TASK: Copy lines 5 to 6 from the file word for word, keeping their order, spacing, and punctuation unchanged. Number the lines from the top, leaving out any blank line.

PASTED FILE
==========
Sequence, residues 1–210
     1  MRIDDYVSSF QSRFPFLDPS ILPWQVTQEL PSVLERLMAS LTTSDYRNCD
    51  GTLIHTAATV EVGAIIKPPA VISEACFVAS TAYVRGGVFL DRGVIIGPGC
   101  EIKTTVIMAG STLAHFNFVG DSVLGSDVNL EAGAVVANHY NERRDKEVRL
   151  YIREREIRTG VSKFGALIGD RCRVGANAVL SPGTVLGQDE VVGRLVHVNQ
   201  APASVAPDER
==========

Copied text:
   151  YIREREIRTG VSKFGALIGD RCRVGANAVL SPGTVLGQDE VVGRLVHVNQ
   201  APASVAPDER